Cycle decomposition

### Cycle decomposition

The points which form the first row need not be written in their natural order, e.g. Keeping this in mind, we call a permutation pÎSn a cyclic permutation or a cycle if and only if it can be written in the form where r ³1. In order to emphasize r we also call it an r-cycle . We note that in this case the orbits of the subgroup generated by this permutation are the following subsets of n: {i1, ...,ir }, {ir+1 }, ..., {in }. We therefore abbreviate this cycle by (i1, ...,ir)(ir+1) ...(in), where the points which are cyclically permuted are put together in round brackets. For example Commas which seperate the points may be omitted if no confusion can arise (e.g if n £10), and 1-cycles can be left out if it is clear which n is meant. Hence we can write p=(i1 ...ir) for the r-cycle introduced above. This cycle p can also be expressed in terms of i1 alone: p=(i1 pi1 ...pr-1i1). Using all these abbreviations and denoting by 1:=(1) ...(n) the identity element, we obtain for example
S 3= {1,(12),(13),(23),(123),(132) }.
There are the elements of the symmetric group Sn in cycle notation. The notation for a cyclic permutation is not uniquely determined, since
(i1 ...ir)=(i2 ...ir i1)= ...=(ir i1 ...ir-1).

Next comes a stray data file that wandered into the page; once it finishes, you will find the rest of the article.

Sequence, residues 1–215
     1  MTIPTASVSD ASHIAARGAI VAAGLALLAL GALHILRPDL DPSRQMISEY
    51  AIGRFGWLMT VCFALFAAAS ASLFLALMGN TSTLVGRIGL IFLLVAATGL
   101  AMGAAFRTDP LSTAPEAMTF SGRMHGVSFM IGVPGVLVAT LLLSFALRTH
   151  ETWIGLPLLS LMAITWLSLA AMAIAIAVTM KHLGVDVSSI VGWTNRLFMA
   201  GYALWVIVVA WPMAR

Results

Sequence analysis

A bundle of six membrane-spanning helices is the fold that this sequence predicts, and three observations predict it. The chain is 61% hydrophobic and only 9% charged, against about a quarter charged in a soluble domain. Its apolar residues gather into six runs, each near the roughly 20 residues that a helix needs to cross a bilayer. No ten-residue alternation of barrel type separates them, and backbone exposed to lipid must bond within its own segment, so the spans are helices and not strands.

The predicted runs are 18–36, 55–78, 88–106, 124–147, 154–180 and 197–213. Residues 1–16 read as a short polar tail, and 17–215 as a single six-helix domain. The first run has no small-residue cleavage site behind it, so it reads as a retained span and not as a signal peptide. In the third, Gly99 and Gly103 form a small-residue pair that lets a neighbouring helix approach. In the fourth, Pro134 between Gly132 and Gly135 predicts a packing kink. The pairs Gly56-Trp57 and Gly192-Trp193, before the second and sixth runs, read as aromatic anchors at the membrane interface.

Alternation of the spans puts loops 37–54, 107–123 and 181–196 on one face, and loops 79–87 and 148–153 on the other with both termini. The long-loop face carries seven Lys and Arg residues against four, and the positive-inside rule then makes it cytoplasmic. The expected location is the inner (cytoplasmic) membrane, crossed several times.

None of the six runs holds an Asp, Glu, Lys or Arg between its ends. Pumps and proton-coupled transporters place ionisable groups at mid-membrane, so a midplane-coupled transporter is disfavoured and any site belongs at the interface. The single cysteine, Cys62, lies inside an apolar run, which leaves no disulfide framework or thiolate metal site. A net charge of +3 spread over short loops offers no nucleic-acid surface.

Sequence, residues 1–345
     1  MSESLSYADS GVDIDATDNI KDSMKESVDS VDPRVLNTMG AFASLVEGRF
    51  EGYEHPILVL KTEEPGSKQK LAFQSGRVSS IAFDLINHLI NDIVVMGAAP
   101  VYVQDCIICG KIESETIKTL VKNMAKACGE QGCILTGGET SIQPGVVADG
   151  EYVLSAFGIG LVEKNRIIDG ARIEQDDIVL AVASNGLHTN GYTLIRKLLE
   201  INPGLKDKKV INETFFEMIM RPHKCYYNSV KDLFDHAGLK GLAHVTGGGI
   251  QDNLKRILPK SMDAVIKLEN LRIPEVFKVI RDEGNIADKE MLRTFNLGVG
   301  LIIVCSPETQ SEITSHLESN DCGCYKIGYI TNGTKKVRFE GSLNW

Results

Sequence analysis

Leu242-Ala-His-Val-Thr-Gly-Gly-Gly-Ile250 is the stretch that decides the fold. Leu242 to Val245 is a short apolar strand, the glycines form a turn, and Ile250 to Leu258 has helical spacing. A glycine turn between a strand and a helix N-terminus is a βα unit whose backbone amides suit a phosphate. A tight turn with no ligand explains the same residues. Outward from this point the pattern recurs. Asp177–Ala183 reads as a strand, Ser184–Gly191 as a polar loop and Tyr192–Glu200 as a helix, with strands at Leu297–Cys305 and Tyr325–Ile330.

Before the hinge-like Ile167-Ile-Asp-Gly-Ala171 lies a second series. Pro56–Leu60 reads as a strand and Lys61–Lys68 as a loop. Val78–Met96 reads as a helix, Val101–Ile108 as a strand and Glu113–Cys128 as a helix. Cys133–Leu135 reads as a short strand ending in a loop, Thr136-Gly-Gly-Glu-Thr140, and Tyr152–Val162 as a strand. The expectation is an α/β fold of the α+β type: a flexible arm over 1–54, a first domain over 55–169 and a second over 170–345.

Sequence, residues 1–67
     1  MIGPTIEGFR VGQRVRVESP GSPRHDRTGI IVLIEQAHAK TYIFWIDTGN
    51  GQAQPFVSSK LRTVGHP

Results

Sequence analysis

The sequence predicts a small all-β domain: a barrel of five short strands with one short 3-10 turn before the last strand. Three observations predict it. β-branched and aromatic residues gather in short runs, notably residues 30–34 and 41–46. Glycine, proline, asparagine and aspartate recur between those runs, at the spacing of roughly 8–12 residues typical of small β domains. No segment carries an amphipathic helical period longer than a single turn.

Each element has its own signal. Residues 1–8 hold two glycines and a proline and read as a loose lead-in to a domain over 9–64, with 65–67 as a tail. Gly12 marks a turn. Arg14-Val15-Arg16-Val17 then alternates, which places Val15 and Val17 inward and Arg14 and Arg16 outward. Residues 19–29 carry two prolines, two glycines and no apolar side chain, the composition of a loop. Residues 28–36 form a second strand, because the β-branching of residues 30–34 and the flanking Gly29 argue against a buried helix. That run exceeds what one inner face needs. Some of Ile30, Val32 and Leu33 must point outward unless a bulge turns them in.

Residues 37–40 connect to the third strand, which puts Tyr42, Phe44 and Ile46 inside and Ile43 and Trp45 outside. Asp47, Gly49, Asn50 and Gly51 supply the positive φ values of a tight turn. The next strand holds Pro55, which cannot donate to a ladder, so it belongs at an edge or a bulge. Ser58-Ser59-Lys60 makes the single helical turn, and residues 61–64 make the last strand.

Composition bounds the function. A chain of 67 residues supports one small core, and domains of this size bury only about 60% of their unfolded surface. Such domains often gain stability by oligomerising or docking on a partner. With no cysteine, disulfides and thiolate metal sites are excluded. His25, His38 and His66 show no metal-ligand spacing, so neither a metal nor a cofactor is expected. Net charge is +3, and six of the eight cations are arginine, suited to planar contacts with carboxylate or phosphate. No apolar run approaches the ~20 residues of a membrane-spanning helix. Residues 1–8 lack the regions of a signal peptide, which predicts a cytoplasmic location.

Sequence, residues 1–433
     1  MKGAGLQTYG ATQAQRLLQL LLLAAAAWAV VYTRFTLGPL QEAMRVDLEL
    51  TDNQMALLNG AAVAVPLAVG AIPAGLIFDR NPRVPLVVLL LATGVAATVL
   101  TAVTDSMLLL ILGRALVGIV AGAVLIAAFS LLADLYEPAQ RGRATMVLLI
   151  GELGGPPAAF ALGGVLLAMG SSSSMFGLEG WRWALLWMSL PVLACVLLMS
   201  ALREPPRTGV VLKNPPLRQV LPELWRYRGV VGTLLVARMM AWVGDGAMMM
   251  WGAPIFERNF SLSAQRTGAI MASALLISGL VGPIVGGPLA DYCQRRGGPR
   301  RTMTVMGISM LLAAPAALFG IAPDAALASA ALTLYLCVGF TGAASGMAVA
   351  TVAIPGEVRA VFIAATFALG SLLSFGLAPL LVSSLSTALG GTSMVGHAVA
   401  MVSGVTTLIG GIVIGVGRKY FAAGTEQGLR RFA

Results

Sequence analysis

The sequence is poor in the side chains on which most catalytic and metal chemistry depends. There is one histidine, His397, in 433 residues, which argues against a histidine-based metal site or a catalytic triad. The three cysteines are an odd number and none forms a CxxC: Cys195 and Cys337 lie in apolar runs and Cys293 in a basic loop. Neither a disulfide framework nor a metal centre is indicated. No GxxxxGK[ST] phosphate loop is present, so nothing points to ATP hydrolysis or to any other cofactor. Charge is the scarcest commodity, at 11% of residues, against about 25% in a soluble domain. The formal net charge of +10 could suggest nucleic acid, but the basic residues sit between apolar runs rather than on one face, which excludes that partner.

2-cycles are called transpositions . The order of a cycle (i1 ...ir), i.e. the order of the cyclic group á(i1 ...ir) ñ generated by this cycle, is equal to its length :
| á(i1 ...ir) ñ | =r.
Two cycles p and r are called disjoint , if the two sets of points which are not fixed by p and r are disjoint sets. Notice that, for example, 1=(1)(2)(3) and (123) are disjoint cycles. Disjoint cycles p and r commute, i.e. pr= rp. (We read compositions of mappings from right to left, so that ( pr)x= p( rx).) Each permutation of a finite set can be written as a product of pairwise different disjoint cycles, e.g. There are some more examples for the cycle decomposition of a permutation.

The disjoint cyclic factors not =1 of pÎSn are uniquely determined by p and therefore we call these factors together with the fixed point cycles of p the cyclic factors of p. Let c( p) denote the number of these cyclic factors of p (including 1-cycles), let l n be their lengths, nÎ c( p) (recall that c( p)= {1, ...,c( p) }), choose, for each n an element j n of the n-th cyclic factor. Then

p= Õ nÎ c( p) (j n pj n ...pl n-1j n).
This notation becomes uniquely determined if we choose the j n so that
" m Î N : j n £pmj n, and " n<c( p) : j n<j n+1.
If this holds, then the notation as was given above is called the (standard) cycle notation for p. We note in passing that the sets {j n, pj n, ..., pl n-1j n } of points which are cyclically permuted by p are just the orbits of the cyclic group ápñ generated by p.
harald.fripertinger@kfunigraz.ac.at,
last changed: August 28, 2001   Cycle decomposition